The U.S. Citizenship and Immigration Services (“USCIS”) has updated guidance in its USCIS Policy Manual to address the documentation that E and L nonimmigrant spouses may use as evidence of employment authorization based on their nonimmigrant status.
On November 12, 2021, the USCIS issued a policy announcement to clarify that it will consider E and L spouses to be employment authorized based on their valid E or L nonimmigrant status. Since the November 2021 announcement, the Department of Homeland Security added new Class of Admission (“COA”) codes to distinguish between E and L spouses and children.
As of January 30, 2022, the USCIS and U.S. Customs and Border Protection (“CBP”) began issuing Forms I-94 with the following new COA codes for certain E and L spouses: E-1S, E-2S, E-3S, and L-2S. An unexpired Form I-94 reflecting one of these new codes is acceptable as evidence of employment authorization for spouses.
If you are an E or L spouse age 21 or over who has an unexpired Form I-94 that USCIS issued before January 30, 2022, the USCIS should mail you a notice beginning on or about April 1, 2022. This notice, along with an unexpired Form I-94 reflecting E-1, E-2, E-3, E-3D, E-3R, or L-2 nonimmigrant status, will serve as evidence of employment authorization. If you are an E or L spouse and under 21, or if you have not received your notice by April 30, you can email E-L-married-U21@uscis.dhs.gov to request a notice.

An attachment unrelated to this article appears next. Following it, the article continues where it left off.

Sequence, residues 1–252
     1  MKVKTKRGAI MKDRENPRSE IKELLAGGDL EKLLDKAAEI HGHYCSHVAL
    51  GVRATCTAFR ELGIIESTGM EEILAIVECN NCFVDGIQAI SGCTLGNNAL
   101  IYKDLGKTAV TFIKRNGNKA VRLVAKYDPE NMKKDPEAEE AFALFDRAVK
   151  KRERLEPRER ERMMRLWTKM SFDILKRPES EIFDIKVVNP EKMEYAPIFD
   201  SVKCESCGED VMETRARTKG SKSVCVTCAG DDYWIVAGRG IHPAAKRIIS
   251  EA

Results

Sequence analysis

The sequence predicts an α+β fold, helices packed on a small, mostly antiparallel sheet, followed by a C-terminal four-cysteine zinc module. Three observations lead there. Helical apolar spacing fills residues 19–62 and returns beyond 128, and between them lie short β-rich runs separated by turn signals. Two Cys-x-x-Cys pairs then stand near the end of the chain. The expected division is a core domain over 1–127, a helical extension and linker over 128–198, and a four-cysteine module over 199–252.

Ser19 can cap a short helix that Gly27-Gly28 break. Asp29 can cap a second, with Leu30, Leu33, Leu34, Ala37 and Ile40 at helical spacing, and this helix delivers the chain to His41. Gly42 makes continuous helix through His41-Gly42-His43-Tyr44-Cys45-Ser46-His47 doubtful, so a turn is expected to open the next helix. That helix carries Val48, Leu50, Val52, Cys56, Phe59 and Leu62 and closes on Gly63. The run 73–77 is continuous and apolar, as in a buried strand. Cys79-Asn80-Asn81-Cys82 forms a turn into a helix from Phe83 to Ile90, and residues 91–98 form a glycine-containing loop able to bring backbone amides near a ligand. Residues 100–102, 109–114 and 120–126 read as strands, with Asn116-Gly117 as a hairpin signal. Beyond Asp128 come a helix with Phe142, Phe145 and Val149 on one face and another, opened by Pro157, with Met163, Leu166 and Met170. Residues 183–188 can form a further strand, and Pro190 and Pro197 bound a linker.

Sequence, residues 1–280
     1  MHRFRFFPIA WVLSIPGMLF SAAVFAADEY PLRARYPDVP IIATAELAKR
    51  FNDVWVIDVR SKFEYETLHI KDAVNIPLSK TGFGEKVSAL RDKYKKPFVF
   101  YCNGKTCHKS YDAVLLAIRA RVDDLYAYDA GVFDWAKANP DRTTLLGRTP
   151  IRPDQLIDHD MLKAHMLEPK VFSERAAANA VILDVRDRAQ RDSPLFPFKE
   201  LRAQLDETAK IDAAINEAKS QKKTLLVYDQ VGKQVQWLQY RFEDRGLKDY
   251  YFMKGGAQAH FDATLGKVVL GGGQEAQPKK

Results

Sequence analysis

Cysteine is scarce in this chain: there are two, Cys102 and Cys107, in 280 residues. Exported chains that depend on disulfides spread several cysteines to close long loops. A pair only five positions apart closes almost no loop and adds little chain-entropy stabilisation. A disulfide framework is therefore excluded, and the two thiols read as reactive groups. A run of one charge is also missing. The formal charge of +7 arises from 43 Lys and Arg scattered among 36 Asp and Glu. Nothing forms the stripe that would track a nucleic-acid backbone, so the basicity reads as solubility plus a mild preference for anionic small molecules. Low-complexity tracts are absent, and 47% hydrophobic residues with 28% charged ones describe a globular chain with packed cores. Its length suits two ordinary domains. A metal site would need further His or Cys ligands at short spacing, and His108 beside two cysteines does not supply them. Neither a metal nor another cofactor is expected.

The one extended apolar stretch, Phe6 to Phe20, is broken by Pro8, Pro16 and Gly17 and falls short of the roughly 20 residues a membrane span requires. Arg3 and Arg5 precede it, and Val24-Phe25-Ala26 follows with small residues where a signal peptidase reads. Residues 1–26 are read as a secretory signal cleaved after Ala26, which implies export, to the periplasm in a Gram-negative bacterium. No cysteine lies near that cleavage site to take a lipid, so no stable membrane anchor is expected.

The USCIS will only send notices to individuals identified as qualifying spouses based on an approved Form I-539, Application to Extend/Change Nonimmigrant Status. Individuals who received their Form I-94 upon entry from CBP should visit www.cbp.gov for a copy of their Form I-94.
If you believe you are eligible for work authorization and have questions, contact us at email@example.com and speak with a U.S. immigration attorney in Ho Chi Minh City, Manila, and Taipei.
Copyright 2022. This article is for information purposes only and does not constitute legal advice. This article may be changed with or without notice. The opinions expressed in this article are those of Enterline Immigration only.